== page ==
The right to information has absolute priority, i.e. if the news is based on real data, RepScan can' t do anything about it. If, on the other hand, it is false, there is a right to rectification. The thing is that lately there are many cases of false content created by profiles that are not journalists, and this is where our start-up provides a solution. This doesn't affect journalism, but pseudo-journalism. Nowadays everyone has access to writing a blog or posting content anonymously online.

However, what if the information is true? If I have committed a crime or an offence, I go to prison or pay my fine. After that, the Constitution guarantees my right to social reintegration. If, instead, I have had a trial and have been acquitted, then all the more reason for there to be no content that damages my reputation. And then there is the right to be forgotten, which rises when the right to information is diluted. In Europe, this right guarantees that information that is harmful to a user disappears, not from newspaper archives, but certainly from search engines.

Can having the ability to erase a person's digital footprint work against society and help profiles that want to dispose of certain data?

We don't work for the politicians, nor for banks, nor for people who have committed crimes of racism, xenophobia or gender-based violence. We have very clear limits.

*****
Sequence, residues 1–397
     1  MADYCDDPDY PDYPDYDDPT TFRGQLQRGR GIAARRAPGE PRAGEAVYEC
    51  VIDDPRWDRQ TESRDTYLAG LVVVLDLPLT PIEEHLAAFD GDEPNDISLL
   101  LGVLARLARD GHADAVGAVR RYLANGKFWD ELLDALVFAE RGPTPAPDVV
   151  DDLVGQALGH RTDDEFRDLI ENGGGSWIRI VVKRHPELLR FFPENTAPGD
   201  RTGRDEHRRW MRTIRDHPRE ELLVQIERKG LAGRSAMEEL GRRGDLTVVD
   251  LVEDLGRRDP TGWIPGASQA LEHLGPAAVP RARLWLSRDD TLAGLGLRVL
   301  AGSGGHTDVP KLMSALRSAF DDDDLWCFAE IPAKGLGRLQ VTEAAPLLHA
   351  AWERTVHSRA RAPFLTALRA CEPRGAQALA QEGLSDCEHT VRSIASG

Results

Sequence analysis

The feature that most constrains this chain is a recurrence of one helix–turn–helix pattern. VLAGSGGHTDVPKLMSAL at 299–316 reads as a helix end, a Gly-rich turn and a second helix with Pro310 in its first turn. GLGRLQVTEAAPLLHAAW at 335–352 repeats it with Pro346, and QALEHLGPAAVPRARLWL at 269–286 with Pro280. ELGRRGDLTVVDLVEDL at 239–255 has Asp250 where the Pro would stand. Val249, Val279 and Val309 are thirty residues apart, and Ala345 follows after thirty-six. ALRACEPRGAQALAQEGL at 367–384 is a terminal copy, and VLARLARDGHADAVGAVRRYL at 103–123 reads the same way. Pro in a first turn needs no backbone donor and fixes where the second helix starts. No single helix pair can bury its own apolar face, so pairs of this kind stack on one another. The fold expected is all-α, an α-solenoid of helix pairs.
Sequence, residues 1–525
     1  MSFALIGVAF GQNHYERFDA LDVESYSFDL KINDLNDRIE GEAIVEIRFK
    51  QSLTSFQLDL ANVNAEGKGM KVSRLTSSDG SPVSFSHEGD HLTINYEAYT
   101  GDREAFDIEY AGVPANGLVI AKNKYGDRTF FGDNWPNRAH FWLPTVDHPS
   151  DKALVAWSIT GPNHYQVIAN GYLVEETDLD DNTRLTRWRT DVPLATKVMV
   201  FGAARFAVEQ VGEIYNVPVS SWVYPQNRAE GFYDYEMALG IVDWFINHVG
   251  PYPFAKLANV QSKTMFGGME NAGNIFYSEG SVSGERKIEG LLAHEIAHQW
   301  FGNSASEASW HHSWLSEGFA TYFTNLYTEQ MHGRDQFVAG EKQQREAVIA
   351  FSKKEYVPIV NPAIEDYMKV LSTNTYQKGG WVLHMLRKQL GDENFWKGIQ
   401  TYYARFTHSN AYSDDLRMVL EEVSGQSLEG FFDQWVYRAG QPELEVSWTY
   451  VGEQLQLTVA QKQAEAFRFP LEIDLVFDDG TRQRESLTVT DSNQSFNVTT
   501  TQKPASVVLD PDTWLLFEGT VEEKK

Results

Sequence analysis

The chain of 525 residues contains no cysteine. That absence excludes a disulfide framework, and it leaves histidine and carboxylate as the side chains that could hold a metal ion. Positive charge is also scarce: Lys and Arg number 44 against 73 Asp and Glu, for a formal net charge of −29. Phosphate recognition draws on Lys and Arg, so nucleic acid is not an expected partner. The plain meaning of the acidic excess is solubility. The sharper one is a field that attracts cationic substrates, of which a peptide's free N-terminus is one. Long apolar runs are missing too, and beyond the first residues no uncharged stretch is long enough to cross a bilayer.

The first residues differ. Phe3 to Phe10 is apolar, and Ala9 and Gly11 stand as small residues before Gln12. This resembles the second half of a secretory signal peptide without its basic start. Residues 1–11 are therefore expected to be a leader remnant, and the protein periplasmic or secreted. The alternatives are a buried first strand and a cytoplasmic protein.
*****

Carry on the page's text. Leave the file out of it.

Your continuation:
What is the most common client profile and the most frequent deletion request?

The profiles we receive the most are those of businessmen and entrepreneurs who have had companies that didn't perform very well. Most often, they want to delete content about their professional career in order to start doing business again.

Is there any kind of fingerprint that you can't erase?

Impossible content is that which is truthful and very current.

RepScan seeks to “democratise the right to remove content from the internet”. Is this possible?

When we talk about democratisation, we mean that we are providing everyone with access to defend their digital reputation. Everyone should have the right to do so. With our fees, we offer much shorter times and prices than hiring a lawyer, so we are making a service accessible to everyone.

How do you envision RepScan in the near future?

We want to become a unicorn and the world's number 1 company for negative reputation management. We are humble, but ambitious, and we know we are doing good for our clients.

Published by OPINNO © 2022 MIT TECHNOLOGY REVIEW spanish edition